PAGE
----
Cameron Joseph

Cameron Joseph is Talking Points Memo's senior political correspondent based in Washington, D.C. He covers Capitol Hill, the White House and the permanent campaign. Previous publications include the New York Daily News, Mashable, The Hill and National Journal. He grew up near Chicago and is an irrationally passionate Cubs fan.

Articles by Cameron

The Senate is (finally!) poised to vote on a pair of bills on Thursday to fully fund the government. The bad news is that both plans are almost certain to fail. But the silver lining, some lawmakers hope, is that the failures could potentially force both parties to work more seriously to find a real solution.

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For the first time since the government shutdown began more than a month ago, there appears to be a tiny bit of movement.

The Senate will vote on Thursday on a pair of competing bills to reopen the government — one that includes President Trump’s long-demanded border wall funds, and one that would simply fully fund the government for a few more weeks without any wall money.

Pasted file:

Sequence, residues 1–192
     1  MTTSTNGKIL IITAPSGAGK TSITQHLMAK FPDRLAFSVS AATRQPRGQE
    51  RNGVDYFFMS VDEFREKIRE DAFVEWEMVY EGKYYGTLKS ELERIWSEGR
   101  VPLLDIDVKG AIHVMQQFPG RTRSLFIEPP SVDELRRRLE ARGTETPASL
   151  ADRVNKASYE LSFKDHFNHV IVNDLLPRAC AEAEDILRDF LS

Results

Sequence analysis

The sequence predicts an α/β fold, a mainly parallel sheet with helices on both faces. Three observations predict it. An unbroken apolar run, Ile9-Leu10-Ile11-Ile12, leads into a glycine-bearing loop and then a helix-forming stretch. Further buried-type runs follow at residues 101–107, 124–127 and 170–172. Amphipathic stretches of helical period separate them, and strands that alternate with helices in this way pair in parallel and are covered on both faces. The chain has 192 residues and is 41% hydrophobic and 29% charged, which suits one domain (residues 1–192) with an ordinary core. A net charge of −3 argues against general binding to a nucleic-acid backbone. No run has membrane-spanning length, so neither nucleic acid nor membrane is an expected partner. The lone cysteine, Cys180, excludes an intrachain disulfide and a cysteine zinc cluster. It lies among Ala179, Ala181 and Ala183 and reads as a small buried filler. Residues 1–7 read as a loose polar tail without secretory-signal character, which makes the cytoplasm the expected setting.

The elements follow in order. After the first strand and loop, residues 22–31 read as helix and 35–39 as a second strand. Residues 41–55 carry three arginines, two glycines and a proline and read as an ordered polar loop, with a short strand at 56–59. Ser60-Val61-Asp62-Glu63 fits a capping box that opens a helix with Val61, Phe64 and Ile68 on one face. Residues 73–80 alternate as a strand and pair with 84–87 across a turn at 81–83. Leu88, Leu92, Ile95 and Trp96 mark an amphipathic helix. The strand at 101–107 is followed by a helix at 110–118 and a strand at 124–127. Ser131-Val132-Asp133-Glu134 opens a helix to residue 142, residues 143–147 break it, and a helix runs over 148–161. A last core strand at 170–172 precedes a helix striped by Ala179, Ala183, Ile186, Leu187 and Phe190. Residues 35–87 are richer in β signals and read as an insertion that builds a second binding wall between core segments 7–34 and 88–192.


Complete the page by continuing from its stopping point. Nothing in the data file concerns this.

“For the first time, we will get a vote on whether to open up the government without any decision, one way or the other, on border security,” Senate Minority Leader Chuck Schumer (D-NY) said on the Senate floor Tuesday night as the pair of leaders announced the deal.

Senate Majority Leader Mitch McConnell’s (R-KY) office disputes that an agreement was reached — “There is no deal. We’re voting. That’s it,” a McConnell spokesman told TPM.

And there’s a good chance that both bills won’t go anywhere.

Republicans likely won’t reach the 60 votes necessary to pass the plan that includes $5.7 billion in funding for wall construction along the U.S.-Mexico border. Senate Democrats’ plan to temporarily reopen the government until Feb. 8 to allow both sides to negotiate on a broader deal would need support from President Trump to pass, which seems unlikely.

But after weeks of no Senate votes, the Thursday vote will at least get lawmakers on the record on whether they’re willing to support different proposals.

This post has been updated.

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The woman who nearly defeated one of Congress’s most conservative Democrats last year is moving towards a likely rematch, she told TPM on Tuesday.

Businesswoman and activist Marie Newman came just over 2,000 votes short of defeating Rep. Dan Lipinski (D-IL) in a 2018 primary that pitted a number of national progressive groups against Lipinksi’s union allies and Chicago’s Democratic machine.

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